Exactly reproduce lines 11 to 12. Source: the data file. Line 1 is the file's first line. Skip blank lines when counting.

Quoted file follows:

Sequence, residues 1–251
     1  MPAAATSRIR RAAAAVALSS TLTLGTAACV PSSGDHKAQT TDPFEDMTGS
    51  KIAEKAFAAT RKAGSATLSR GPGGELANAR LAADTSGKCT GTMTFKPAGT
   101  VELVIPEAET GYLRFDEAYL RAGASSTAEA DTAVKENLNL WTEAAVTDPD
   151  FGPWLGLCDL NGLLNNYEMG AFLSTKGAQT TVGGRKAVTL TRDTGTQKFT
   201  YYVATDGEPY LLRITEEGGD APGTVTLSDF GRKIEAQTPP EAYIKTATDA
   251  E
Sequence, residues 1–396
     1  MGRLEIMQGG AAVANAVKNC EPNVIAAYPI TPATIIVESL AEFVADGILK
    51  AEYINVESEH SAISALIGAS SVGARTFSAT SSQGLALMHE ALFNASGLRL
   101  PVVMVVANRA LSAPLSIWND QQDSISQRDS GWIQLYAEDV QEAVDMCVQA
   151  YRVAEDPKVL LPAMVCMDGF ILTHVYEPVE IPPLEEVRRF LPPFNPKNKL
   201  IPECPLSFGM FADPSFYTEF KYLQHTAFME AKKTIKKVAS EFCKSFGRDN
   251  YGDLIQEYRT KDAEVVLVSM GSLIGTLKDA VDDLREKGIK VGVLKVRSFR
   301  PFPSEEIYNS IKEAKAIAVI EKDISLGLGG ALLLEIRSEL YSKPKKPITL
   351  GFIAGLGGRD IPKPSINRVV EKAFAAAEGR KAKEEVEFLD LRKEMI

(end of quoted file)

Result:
   101  PVVMVVANRA LSAPLSIWND QQDSISQRDS GWIQLYAEDV QEAVDMCVQA
   151  YRVAEDPKVL LPAMVCMDGF ILTHVYEPVE IPPLEEVRRF LPPFNPKNKL